While government officials might privately daydream about banning certain media outlets or journalists from covering their activities, the prospect suddenly became very real in wake of the government of Nauru blocking a representative of the ABC from attending the upcoming Pacific Islands Forum.
Major media organisations were weighing the option of a joint boycott on Tuesday in response to the tiny island nation's decision to bar the ABC from obtaining a visa to attend the Pacific Islands Forum, scheduled for September.
The government of Nauru said it would not allow Australia's public broadcaster to enter the country "under any circumstances".
We oppose the Nauru edict because it is wrong in this instance and because it sets a unsafe precedent.
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Prime Minister Malcolm Turnbull had described the decision by the Nauruan Government as "regrettable", but argued it was up to local authorities to decide who was allowed in.
ABC's head of news said yesterday they were outraged by the ban and did not intend to vacate their position in the media pool. "The ABC will still cover the Pacific Islands Forum".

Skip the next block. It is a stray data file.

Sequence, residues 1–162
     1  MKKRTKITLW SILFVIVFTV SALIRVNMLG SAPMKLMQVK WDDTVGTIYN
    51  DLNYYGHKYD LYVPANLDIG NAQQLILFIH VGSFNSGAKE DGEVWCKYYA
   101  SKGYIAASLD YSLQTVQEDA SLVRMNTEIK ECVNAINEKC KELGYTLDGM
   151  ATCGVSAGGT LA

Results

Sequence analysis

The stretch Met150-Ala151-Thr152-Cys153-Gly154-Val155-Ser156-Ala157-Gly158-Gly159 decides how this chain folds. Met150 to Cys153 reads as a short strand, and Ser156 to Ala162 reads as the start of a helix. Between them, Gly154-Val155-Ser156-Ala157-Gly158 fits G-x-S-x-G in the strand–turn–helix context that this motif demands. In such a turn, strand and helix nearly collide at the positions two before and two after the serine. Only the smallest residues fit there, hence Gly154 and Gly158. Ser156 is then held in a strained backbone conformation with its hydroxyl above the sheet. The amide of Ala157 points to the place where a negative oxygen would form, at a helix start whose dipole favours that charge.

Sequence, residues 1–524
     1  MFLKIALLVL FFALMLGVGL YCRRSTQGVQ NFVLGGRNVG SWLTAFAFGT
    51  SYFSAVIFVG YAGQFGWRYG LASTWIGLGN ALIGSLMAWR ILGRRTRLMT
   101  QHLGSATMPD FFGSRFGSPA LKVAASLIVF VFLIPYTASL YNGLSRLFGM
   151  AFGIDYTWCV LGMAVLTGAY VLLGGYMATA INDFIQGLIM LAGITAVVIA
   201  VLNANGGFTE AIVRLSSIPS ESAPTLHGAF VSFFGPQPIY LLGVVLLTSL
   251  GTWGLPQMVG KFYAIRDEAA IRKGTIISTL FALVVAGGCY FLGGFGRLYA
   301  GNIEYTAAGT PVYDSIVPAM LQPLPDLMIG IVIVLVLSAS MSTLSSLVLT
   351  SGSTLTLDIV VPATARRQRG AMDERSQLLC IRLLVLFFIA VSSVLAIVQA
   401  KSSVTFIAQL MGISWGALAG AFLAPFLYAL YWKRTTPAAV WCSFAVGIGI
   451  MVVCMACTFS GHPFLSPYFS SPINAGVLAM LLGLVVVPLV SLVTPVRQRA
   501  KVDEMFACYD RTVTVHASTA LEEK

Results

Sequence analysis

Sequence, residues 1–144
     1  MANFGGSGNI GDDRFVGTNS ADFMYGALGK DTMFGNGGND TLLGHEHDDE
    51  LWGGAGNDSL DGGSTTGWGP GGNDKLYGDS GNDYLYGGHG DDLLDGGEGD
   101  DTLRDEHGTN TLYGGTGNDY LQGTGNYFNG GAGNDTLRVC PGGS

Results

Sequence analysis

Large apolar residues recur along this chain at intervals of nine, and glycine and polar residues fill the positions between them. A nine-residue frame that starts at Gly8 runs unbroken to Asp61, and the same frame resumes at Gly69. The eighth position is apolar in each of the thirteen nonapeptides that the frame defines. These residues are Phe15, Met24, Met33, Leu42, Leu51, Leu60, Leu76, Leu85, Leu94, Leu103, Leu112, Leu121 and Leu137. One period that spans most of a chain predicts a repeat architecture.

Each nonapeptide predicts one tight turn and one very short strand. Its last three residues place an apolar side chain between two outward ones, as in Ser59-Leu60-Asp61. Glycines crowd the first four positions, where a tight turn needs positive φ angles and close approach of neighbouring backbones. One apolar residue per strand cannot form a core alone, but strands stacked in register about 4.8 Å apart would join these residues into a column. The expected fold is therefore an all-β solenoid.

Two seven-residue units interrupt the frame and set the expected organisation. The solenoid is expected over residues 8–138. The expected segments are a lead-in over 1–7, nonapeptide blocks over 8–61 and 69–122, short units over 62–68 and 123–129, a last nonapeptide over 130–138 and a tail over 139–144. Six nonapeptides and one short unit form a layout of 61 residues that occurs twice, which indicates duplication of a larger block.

The 49th Pacific Islands Forum and related meetings is being held from September 3rd to the 6th.
"All Australians should be dismayed that the government of Nauru seeks to exclude an Australian media organisation in this way", said the gallery's president David Crowe. As the New Zealand Media Council states, "freedom of expression and freedom of the media are inextricably bound".
"The ABC has been pretty forthright in its critical reporting of the asylum seeker issue in relation to Nauru and this is an extension of that", Kingsbury said. "While infrastructure constraints play a role in limited pooling numbers, we are appalled by this attempt to control media coverage".